I think this documentation has the answer for your question.
I see “Mean Time To Failure ~ >-5yr” ? That’s pretty good!
I understand the lifetime of the ones that use a laser light are driven by it’s shorter lifetime.
I guess that’s it. I had no clue what MTTF, but happy to see that you knew it.
I guess the fan makes it prolonged as it supposed to clean as well the sensor, as it was discussed in the Hackaday article’s comments section.
This was just waiting for someone to connect it with an ESP. Simple and cheap solution!
One thing I struggle with a bit is all these ‘ESP-Hacks’ are just generating a lot of wifi connections, isn’t that a bit overkill for the network?
now my hard part has been finding these in the US it seems like every Ikea in 100 miles of me is out of stock.
It depends what router you have. Some have limitations for number of connections like 16 or 32. In that case, yes it is an overkill. But generally not the dirt cheap bottom of the line routers access points can handle a higher number of clients and these devices generally do not use high bandwidth. Plus, for any device what you generally use to access the internet would use nowadays 5Ghz, meanwhile these ESP devices use only the 2.4Ghz frequency. So like your phone, Chromecast, laptop, tablet etc would use a faster access than these devices and they would not interfere with each other.
Anyone who was compared rhe values with other particulate sensors? Have just been running the sensor for a couple of hours but the values seems pretty off compared to my Sensirion sps30 sensor (SPS30 Particulate Matter Sensor — ESPHome) and the outdoor values (Luftdaten sds011). The values are about three or four times greater than what the other sensors measures. Sps30 (indoor) measures 2.23 ug/m3, sds011 (outdoor) 2.35 ug/m3. The vindriktning sensor, which is placed just next to the sps30 8 ug/m3.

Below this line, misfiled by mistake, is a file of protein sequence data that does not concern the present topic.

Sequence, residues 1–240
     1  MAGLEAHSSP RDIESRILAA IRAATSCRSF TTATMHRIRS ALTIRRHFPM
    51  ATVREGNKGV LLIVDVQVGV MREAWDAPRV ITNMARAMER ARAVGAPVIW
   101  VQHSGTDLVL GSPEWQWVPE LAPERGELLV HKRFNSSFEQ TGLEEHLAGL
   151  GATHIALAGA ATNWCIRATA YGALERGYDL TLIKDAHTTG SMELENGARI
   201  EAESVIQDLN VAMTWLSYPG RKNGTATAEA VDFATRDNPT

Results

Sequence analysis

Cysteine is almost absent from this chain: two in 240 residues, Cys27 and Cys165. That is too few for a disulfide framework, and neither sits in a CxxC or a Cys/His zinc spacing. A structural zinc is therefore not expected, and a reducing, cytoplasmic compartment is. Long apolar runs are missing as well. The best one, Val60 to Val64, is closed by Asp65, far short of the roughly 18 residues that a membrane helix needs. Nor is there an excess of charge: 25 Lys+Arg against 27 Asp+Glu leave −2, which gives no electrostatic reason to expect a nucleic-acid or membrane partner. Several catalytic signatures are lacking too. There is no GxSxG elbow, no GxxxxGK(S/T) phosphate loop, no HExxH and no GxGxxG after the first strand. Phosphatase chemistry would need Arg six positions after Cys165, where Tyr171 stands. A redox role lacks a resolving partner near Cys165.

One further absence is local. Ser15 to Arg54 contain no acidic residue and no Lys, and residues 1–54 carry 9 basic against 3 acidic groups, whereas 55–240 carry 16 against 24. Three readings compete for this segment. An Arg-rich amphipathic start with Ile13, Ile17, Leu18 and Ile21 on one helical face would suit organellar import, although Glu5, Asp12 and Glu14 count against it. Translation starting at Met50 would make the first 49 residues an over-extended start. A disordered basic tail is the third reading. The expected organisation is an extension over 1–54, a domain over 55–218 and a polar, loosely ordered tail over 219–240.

I just want to say be very careful with soldering (or maybe I’m just very bad at it).
In my case the + pad on the board came loose and when I tried to fix it somehow it came loose all the way to the edge of the board.
Any tips for what the best way is to solder this, let me know :).
Like do you put tin first on the pad and then solder the wire to the pad?
Guess I’ll have to buy a new one
I was thinking about stripping the original pcb and drive the sensor + status leds directly with the wemos.
This way the status leds could be used for other thing (messages, alarm etc etc).
Maybe add some pressure/temp and CO2 sensors.
Give it a try before trashing it!
I believe here is the answer why the PCB has those connectors at the end:
I cannot see any information what solution it will have Wifi or Zigbee, but I am pretty sure someone will find some time to tinker with it once it is released. (My guess would be Wifi and using the already implemented CoAP from the Tradfri bridge.)
Just built one of these, pretty easy and fun! Thanks for showing us how to mod one, I think it’s a great ESPHome starter project.